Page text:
Bot armies on the march

23 Oct 2008

US authorities just busted the world's biggest spam gangs. So why is my mail filter still working overtime‾

The filing of charges against "HerbalKing" spam gang in early October was supposed to signify the breakup of the group, which sent billions of messages offering weight-loss and male enhancement remedies.

The US Federal Trade Commission, who was granted an injunction against the gang leaders, an Australian-based Kiwi called Lance Atkinson and a Texan, Jody Smith, said they generated as much as a third of all spam worldwide.

Court papers alleged that one product, "VPXL", was touted as a herbal male-enhancement pill. "The agency alleged that not only did the pills not work, but they were neither "˜100% herbal' nor "˜safe', because they contained sildenafil - the active ingredient in Viagra," the documents said.

But although the alleged offenders have been under arrest for a couple of weeks, there's been no letup in the volume of unsolicited mail.

The spam is distributed through botnets, which by their nature of course don't require the active presence of crims. Some speculate that other gangs have taken over the botnet, which is possible.

But it raises the tricky question about how to deal with the proliferation of botnets, the fastest-growing internet threat. The latest Emerging Cyber Threats Report, issued by Georgia Tech on October 15, places botnets at number two, behind malware and ahead of cyber warfare.

As many as a tenth of all PCs may be infected now, and that could rise to 15% next year, the report says. Even 3%-5% of enterprise PCs are infected. Combined together, bots can quickly become "bot armies", capable of engaging in data theft, DDOS and spam.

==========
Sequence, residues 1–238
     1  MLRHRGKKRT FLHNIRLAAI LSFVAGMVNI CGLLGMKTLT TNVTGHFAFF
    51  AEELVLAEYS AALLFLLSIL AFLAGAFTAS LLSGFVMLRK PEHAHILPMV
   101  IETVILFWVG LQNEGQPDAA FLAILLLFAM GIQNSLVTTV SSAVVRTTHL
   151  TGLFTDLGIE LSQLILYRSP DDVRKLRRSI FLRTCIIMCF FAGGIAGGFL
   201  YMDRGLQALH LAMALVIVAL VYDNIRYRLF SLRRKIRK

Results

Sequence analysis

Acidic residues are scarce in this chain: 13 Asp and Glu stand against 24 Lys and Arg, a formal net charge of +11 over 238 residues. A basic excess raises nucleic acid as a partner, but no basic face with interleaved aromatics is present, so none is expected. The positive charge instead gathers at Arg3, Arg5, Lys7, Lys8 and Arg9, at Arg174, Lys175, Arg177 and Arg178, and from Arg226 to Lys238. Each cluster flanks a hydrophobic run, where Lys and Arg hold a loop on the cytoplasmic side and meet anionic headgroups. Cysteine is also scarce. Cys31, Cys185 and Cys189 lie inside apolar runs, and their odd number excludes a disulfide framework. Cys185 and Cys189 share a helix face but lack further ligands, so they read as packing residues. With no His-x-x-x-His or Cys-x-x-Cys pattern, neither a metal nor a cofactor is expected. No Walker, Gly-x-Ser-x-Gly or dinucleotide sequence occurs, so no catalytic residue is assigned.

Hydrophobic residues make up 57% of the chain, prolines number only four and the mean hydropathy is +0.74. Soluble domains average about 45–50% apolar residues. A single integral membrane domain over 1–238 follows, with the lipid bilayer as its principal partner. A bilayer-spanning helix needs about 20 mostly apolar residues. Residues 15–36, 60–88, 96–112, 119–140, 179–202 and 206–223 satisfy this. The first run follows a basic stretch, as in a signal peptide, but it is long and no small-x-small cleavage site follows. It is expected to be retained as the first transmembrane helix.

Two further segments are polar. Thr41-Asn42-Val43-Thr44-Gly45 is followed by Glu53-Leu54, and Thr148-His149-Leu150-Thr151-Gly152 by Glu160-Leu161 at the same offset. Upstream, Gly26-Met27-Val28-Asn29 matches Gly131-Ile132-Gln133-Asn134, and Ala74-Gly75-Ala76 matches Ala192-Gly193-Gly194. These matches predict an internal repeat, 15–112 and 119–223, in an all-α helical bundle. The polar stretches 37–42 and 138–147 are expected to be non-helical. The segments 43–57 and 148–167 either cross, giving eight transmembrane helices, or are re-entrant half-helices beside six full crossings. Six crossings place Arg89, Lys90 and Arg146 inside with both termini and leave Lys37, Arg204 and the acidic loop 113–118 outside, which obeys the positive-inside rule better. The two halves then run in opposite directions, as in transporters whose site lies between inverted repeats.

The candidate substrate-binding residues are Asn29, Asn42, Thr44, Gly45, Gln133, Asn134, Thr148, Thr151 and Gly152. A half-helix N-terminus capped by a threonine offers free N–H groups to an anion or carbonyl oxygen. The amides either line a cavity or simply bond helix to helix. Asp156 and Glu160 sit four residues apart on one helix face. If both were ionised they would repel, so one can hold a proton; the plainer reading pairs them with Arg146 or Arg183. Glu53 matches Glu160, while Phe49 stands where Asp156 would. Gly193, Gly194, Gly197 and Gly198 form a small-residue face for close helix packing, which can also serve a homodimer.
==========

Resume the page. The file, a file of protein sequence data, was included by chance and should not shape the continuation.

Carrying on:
They are harder to detect than viruses or spyware. Bots can lie low for some time and maintain their communication with a "malicious master" via regular PC comms ports. They easily evade signature-based defenses.

Wenke Lee, an associate professor at Georgia Tech, says that whereas malware is a single-purpose attack, a "bot actually remains on the machine, maintains a command and control mechanism to enable communication with the bot master, and can update itself based on those communications."

So they're easy to install on an unprotected PC, hard to detect, and dangerous when combined into an army of millions.

One solution is technology. Lee and his team are working on traffic behavior analysis. Anomalies in connection duration, time of day, or type of information transferred can indicate a botnet command and control attempt.

The other solution involves more cooperation between law enforcement and the IT industry. The US has just passed new legislation against botnets - but that's just the US.

Internet security firm F-Secure thinks it's time for a global internet police force - to tackle gangs at "the top of the crimeware food chain".

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